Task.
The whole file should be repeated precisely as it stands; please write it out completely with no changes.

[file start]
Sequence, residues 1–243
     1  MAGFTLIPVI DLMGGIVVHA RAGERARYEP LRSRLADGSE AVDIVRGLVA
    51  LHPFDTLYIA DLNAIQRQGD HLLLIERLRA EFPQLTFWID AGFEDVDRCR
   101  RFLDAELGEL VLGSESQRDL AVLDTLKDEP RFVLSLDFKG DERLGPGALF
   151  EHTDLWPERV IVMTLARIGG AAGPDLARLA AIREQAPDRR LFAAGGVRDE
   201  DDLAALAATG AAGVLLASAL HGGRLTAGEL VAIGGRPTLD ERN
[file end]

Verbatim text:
Sequence, residues 1–243
     1  MAGFTLIPVI DLMGGIVVHA RAGERARYEP LRSRLADGSE AVDIVRGLVA
    51  LHPFDTLYIA DLNAIQRQGD HLLLIERLRA EFPQLTFWID AGFEDVDRCR
   101  RFLDAELGEL VLGSESQRDL AVLDTLKDEP RFVLSLDFKG DERLGPGALF
   151  EHTDLWPERV IVMTLARIGG AAGPDLARLA AIREQAPDRR LFAAGGVRDE
   201  DDLAALAATG AAGVLLASAL HGGRLTAGEL VAIGGRPTLD ERN